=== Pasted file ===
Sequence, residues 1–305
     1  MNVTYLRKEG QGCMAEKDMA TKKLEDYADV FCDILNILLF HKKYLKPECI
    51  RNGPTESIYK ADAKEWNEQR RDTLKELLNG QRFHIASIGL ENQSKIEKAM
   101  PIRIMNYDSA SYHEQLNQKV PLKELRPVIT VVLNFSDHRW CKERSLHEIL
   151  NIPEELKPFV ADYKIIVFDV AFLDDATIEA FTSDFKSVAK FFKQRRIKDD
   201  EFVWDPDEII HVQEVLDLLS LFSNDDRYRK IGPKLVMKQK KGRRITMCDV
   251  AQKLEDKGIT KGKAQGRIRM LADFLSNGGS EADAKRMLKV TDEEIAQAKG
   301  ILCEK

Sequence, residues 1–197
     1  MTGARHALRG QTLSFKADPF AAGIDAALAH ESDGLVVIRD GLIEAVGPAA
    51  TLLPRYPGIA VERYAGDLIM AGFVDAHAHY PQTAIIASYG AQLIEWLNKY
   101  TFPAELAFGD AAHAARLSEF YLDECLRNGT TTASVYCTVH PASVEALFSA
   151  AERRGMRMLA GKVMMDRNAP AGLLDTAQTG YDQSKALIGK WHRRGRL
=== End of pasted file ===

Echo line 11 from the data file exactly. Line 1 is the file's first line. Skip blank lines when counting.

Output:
    51  TLLPRYPGIA VERYAGDLIM AGFVDAHAHY PQTAIIASYG AQLIEWLNKY